Philip Rosedale talks about VR’s second life with High Fidelity and blockchain
The world is going virtual again, this time in VR
From launching Second Life in 2003 to his new project High Fidelity, Philip Rosedale has always had one clear vision of the future of virtual reality – total immersion in new sights, scenes, and events.
So, taking the learning from Second Life’s success – it was populated by one million users at its peak – the goal for High Fidelity is to employ the blockchain and use VR in ways previously thought impossible.
The challenges for VR
The problem is that video games are incredibly lonely. You can't see the other people around you, and we're social animals.
One of the reasons for the initial failure of VR was it focused predominantly on gaming, which, according to Rosedale, is only a small percentage of what it could be used for.
Providing diverse content, from talks to exhibits and even concerts and conferences are “a killer app for VR”, in his opinion.
“The market for things like that are much larger than gaming, which is where VR has been puttering about for the first couple of years,” he explains.
By generating a greater diversity of content beyond games, Rosedale believes Virtual Reality can become a revolutionary force.
“The global education market is around $5.5 trillion, 55 times the size of the gaming market, so we have our sights on education, travel, and entertainment because they’re hundreds of times larger than just gaming,” he says.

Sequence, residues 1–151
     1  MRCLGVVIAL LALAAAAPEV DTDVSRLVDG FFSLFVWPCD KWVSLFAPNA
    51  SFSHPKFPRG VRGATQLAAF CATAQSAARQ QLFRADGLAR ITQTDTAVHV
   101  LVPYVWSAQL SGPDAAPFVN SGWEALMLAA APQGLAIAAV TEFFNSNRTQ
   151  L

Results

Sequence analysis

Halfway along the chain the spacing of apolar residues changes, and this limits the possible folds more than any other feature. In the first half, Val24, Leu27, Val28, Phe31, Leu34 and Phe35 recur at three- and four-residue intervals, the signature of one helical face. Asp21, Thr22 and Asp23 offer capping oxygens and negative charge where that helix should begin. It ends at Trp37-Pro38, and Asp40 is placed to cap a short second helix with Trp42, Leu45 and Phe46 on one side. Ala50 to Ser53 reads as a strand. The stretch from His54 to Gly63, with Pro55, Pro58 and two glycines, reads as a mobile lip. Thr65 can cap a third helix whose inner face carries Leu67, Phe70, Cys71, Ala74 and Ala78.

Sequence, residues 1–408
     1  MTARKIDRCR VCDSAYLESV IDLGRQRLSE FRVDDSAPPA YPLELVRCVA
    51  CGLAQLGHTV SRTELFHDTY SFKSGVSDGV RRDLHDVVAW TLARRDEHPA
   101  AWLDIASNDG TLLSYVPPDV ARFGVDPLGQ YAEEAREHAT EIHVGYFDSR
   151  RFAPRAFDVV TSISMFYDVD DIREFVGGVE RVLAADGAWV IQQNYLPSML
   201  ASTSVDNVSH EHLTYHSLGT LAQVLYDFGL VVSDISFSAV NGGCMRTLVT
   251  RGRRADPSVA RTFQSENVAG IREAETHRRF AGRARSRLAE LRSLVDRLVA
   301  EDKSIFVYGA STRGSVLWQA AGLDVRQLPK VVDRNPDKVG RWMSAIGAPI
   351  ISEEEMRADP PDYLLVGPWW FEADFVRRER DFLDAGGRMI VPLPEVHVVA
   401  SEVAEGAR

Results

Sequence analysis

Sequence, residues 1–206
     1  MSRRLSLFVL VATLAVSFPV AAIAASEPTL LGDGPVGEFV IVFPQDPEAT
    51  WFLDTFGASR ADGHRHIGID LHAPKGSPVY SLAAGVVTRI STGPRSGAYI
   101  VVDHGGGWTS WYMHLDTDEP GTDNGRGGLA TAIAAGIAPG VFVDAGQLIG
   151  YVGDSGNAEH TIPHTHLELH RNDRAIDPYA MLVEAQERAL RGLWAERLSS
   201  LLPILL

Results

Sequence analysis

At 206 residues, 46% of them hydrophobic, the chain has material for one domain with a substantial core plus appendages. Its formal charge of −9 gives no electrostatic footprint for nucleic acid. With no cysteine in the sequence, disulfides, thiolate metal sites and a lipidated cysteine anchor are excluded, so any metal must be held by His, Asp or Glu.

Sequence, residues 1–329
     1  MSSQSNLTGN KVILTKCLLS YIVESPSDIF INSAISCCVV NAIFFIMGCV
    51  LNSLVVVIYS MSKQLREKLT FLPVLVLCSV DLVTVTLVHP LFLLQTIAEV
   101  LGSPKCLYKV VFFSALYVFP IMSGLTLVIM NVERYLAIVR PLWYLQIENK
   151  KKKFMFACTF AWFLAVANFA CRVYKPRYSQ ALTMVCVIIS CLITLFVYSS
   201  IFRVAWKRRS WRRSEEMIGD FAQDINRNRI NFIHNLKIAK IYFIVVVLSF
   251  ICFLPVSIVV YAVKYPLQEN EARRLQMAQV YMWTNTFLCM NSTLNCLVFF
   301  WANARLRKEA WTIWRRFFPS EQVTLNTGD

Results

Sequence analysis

What is High Fidelity?
In this way, the goal for High Fidelity is to enable such experiences.
“High Fidelity is building for the idea that, we’re going to start going to school, attending meetings, going to rock concerts and traveling the world by putting these headsets on,” he says.
Some of the examples of this include the recently hosted talk between Rosedale and Dr. Courtney D. Cogburn, PhD on July 28th.
Some of the recent tests that High Fidelity has been attempting involved expanding the reach of Virtual Reality into other areas, including ancient history.
“Most recently, we’ve been doing this test where we’ve been bringing teachers and their students together, into an Egyptian tomb along with an experienced Egyptologist who is paid to give them a tour of the tomb.”
High Fidelity attempts to have an ‘agnostic’ approach towards VR, giving players the ability to use the platform regardless of their system.
“We’re fully integrated, we work really well on both Oculus and Vive,” Rosedale points out.
“When you see the images from when I was talking to Dr Cogburn last week, she’s in an Oculus Rift headset and I was in a Vive.”
While High Fidelity is already available on a number of VR platforms, Rosedale points out Android’s Daydream headset is on its way to being implemented as well.
“The Android client that we have right now is in alpha, it’s pretty early, so we probably only have a thousand people or something that has downloaded it yet.”
Where blockchain factors into the platform
In conducting both the talk with Dr. Cogburn and an Egyptology lesson for students, High Fidelity is demonstrating the use of blockchain within its platform, operating a digital economy, incentivizing users for providing unique content.